The literal difference between a mini or ankle-length skirt may be a few inches of fabric, but the symbolic meaning behind short and long is much more complex.
The baring of skin, particularly when it comes to women, is a debate that’s omnipresent: it straddles political, religious and social realms; it looms in the workplace and at the beach; it fluctuates with age and dress size.
Whether it should or not, how much or how little women bare their skin reflects changes in society. So what does the current trend for modest fashion tell us about today?
By definition, modest fashion is clothing that covers the body. In theory, that could contradict the ideas brought to light by the women’s liberation movement of the 1960s and beyond – that women who bared their midriffs, legs and breasts were liberated from the societal constraints that had previously forced them to cover up.
But during the ensuing decades, the more women have stripped off, the more their bodies and sexuality have been capitalised on. As Ariel Levy outlined in her 2005 book Female Chauvinist Pigs, by the turn of the 20th century, we had reached peak raunch culture – and the male gaze was winning out.
In the context of that old adage “What goes up must come down”, today’s penchant for covering up could have been an easy turn of events to predict, given the crotch-grazing skirts and push-up bras that came to define 2000s fashion. The dramatic sleeves, buttoned-up necks, calf-grazing dresses and billowing blouses now ubiquitous on runways, red carpets and streets are a direct contrast to this, which is how the fashion world tends to operate.
But given the growing political and social awareness around sexual harassment and workplace misogyny, it seems too convenient to brush off today’s movement as merely a foreseeable fluctuation.
The swathes of clothes women are now wearing are a fashionable kind of armour. Covering up is a way to shun the male gaze – it’s a refusal to be defined by one’s body.
It’s opting out of the convention that, for woman, being thin and toned and flaunting it is the ultimate measure of success.
There are certain designers who have been extolling the virtues of conservative dress for years and who have, in part, helped to usher in this new mood.
At Céline, under the guidance of Phoebe Philo, it manifested in minimalist knits, cocoon coats and proportion play; at The Row, it’s seen in copious amounts of fabric, roomy tailoring and long shifts; at Emilia Wickstead, it’s in demure high-necked dresses, full skirts and puffy sleeves.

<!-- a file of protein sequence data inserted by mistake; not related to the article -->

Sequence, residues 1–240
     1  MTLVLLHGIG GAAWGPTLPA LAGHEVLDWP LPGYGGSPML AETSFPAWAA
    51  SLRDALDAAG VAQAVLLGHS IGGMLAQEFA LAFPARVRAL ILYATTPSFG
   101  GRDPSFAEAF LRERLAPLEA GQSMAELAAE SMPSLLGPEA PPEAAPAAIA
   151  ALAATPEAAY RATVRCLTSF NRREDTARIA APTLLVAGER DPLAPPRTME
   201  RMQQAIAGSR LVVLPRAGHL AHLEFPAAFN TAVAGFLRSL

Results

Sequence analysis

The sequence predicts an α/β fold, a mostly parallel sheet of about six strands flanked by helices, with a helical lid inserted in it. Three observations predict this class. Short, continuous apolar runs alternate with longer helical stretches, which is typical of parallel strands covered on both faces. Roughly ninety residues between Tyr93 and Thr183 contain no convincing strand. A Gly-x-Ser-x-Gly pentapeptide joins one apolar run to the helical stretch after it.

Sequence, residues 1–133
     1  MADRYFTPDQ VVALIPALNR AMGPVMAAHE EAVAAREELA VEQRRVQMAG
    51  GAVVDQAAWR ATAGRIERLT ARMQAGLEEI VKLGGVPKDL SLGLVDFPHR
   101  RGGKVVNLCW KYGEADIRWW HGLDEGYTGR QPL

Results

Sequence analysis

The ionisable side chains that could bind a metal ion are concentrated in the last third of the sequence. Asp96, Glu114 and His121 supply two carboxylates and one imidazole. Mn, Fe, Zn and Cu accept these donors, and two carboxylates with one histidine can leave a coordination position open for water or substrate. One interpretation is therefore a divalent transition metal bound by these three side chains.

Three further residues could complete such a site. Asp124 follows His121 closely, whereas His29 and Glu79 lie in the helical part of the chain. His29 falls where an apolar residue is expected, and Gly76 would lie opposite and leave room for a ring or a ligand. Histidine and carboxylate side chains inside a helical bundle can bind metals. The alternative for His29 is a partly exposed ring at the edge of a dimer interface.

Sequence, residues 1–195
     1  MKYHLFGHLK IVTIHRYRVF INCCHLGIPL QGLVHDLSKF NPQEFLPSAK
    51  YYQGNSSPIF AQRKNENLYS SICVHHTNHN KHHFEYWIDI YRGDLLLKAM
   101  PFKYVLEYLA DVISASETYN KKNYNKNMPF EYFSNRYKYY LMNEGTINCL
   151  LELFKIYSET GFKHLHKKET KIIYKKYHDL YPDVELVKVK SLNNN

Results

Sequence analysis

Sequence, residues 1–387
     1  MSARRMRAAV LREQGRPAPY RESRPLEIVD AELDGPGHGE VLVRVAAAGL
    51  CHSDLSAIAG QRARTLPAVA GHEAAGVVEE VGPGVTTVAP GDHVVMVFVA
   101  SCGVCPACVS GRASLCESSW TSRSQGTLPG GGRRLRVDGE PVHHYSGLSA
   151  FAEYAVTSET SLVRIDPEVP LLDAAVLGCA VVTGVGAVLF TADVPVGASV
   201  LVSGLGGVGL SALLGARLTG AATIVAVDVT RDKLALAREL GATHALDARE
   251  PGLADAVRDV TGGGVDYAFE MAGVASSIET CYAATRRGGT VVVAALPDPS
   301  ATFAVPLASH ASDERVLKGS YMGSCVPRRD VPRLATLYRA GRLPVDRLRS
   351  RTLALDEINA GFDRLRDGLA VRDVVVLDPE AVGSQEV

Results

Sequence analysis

Now there’s no limit to the brands offering figure-concealing fashion, and they’re catering to women who don’t want to be noticed, first and foremost, for their breasts or legs.
One such local label is Mahsa, which specialises in high-neck, fluid shirts with a distinct Victorian feel. Designer Mahsa Willis says she developed the concept out of a desire for simplicity, utility and romanticism.
“I like my designs to work confidently in every setting, and discretion helps this,” she says. “I like the tension and beauty created by juxtaposing two different elements: long sleeves with a short crop, a bow with big sleeves, a high neck with the subtle reveal of a low back.”
Compared to many other Western countries, New Zealand’s dress sense is, on the whole, relatively conservative. Fashion historian Doris de Pont puts this down to our colonial past, as well as a need for practicality.
“I see this having its origins in our British ancestry, where the dress code was perhaps a little more buttoned-up than elsewhere – less flamboyant, perhaps,” she says.
“But another historical determinant is the need for practicality. The legacy of an immigrant culture is that we need to work hard to ‘make it’, and that means we need clothes we can do stuff in, clothes that are practical and don’t have to be fussed with.”
As both Doris and Mahsa point out, modest fashion isn’t just about covering up – there’s also an inherently utilitarian and comfortable nature to it. Not having to tug or pull at a low-cut top or figure-hugging dress is not only convenient but liberating.
Similarly, today’s inclination for sneakers or low heels go hand in hand with this trend for comfort over traditionally ‘sexy’ stilettos. There are those, of course, for whom modest fashion doesn’t fluctuate with the prevailing trends of the time and covering the body is a matter of faith.
In that sense, the current mood is for a specifically secular segment of society. But a large part of today’s trend is also a growing acknowledgement and acceptance of the requirements of religious dress codes.
Designers such as New York-based Batsheva, with its prairie-style dresses that cater to those of Orthodox Jewish faith, have been embraced by a fashion community that isn’t necessarily religious.
Fashion website The Modist, founded in 2017, sells only designer pieces that cover the arms, knees and collarbones, and has a mission statement to change the perception of covering up. Even retail behemoth Net-a-Porter now has a ‘Modest’ shopping category. Far from dowdy or boring, this new era of fashion is variable, expressive and, if it wants to be, feminine.
That’s not to say that if a woman wants to wear six-inch heels, a low-cut top or a body-con dress, and her values allow it, she can’t. Much of the criticism of modest fashion is that the onus is on the woman to dress ‘appropriately’ so as to not attract unwanted attention, rather than being able to bare it all with no repercussions.
The main point of this decade’s modesty is that women feel empowered to dress in as little or as much as they please. As Mahsa puts it, a woman who wears her clothes is saying: “I want to be comfortable, mysterious and confident, and when I feel like removing a layer, I’ll decide that. No rules, just a good feeling.”
The most important trend here is a woman’s right to choose.